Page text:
In 2006, true light rail was on the agenda for the South Valley Corridor from Spokane Valley to Liberty Lake. It would have decreased travel times, lessoned traffic, and spurred development. It’s time to resurrect the idea, along with others. (PHOTO: David Evans and Associates)
It’s time for some cold, hard facts.
Spokane is growing. By 2040, the region will have added roughly 165,000 people. In other words, by 2040, the population of Spokane County will surpass 625,000. That’s not an insignificant number. In fact, that would put Spokane County at roughly the same size as the City of Portland. Consider the implications of such growth. More kids in schools. More homes and apartments in development (70,000 more units). More jobs and centers of employment (68,000 more jobs). And more cars on the road.
Already we’re seeing the start of this wave of increasing traffic. Consider South Regal on a weekday morning, where the prospect of three new big-box stores is already complicating rush-hour commutes. Consider Five Mile or Country Homes, where traffic has increased and neighborhoods have grown by orders of magnitude without any semblance of mitigation. Consider Hamilton on any weekday afternoon, where an increase in student population is driving record traffic. Area drivers are complaining of increased commute times and lost patience. This traffic costs us precious dollars. The increased load weighs heavily on our streets, which must be more frequently resurfaced. The increased pollution caused by idling in traffic harms our environment. Perhaps most importantly, the lost working hours cost us millions of dollars every year in lost productivity. And there’s no sign of relief.
From 2000-2006, the Spokane area was deep in a planning process for future light rail transit (LRT) in the South Valley corridor from downtown to Liberty Lake along Riverside and Sprague, with future extensions possible to Spokane International Airport and Coeur d’Alene. STA commissioned study after independent study, all indicating that at $17 million per mile–the projected cost of the developed project–light rail would more than pay for itself, generating billions in economic development. And significantly, because the cost of such a proposal is likely to skyrocket in coming years as the region grows, it was discovered that the annual operating cost of the light rail system would be less than the annual growth in construction costs, were the project to be built at some point in the future, instead of now.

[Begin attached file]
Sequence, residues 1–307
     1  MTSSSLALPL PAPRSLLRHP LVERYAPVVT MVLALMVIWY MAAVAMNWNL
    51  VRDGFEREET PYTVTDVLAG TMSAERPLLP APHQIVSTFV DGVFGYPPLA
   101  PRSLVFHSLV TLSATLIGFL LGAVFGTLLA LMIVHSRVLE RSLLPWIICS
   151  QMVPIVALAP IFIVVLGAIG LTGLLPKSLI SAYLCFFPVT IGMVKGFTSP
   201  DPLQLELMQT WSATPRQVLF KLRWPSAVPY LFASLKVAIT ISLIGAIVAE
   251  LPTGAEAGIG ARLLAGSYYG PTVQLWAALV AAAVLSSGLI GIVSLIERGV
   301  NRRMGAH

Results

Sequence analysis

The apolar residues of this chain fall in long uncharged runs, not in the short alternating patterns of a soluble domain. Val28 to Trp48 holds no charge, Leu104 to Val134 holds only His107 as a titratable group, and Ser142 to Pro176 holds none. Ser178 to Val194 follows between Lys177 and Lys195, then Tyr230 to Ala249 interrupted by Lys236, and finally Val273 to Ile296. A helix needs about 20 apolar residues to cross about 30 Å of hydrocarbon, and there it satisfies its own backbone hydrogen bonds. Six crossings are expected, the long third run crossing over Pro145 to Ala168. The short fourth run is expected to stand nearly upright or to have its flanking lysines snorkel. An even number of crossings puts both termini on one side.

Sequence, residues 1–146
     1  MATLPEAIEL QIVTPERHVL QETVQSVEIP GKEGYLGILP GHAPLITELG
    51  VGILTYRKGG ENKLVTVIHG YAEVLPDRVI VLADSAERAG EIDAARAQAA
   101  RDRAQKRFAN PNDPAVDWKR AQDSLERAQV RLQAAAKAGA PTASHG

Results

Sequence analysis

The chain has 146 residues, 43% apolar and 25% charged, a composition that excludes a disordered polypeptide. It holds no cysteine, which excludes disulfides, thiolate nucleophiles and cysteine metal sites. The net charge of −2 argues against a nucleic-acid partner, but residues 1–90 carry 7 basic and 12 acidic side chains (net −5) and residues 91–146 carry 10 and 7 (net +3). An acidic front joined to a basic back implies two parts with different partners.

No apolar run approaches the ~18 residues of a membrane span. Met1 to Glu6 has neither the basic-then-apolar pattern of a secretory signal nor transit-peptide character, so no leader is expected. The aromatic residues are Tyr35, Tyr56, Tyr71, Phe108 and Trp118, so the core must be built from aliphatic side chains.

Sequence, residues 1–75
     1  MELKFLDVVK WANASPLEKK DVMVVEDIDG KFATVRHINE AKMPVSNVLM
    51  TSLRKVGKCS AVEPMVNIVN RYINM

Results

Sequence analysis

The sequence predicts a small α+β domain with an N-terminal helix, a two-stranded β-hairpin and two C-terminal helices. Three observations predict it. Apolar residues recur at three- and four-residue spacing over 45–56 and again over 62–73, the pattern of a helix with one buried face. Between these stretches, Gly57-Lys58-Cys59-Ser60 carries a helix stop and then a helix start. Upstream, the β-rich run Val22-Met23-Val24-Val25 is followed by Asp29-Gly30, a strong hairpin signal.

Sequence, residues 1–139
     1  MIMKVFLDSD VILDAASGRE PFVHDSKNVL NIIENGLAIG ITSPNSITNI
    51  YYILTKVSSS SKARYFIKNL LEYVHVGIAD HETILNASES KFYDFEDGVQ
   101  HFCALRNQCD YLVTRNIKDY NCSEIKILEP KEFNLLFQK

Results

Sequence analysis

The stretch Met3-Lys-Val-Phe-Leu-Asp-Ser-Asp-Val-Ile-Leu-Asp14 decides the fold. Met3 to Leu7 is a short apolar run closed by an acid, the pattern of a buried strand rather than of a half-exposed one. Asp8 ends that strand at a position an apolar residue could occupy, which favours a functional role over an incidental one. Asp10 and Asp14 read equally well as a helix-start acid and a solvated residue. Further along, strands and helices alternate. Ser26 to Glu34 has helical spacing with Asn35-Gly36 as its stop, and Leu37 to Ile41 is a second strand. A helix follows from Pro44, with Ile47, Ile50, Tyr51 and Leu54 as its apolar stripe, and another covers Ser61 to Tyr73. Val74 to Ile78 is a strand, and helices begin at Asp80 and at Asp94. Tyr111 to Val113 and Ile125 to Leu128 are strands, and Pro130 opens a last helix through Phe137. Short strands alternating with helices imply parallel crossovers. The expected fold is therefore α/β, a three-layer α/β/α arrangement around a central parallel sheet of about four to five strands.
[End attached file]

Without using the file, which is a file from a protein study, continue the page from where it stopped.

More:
But then, in 2006, the project was ditched after a hastily-written advisory vote was placed on Spokane’s November ballot. Though the totals were close (52-48), STA and local leaders considered it a mandate against light rail.
Now, light rail as a proposal is back from the grave. The Inland Empire Rail Transit Association, or InlandRail, has shown its first concrete signs of life since 2011. The organization recently engaged in a billboard campaign, and a recent Spokesman-Review article noted the possibilities that LRT presents. There’s a renewed sense that light rail could be one solution in an overall package of transportation projects designed to plan for future growth in the area. Even STA has suggested light rail for the South Valley corridor. It’s clear that a new sense of optimism has developed surrounding transit projects in the area.
After the break, view more videos of the original light rail proposal.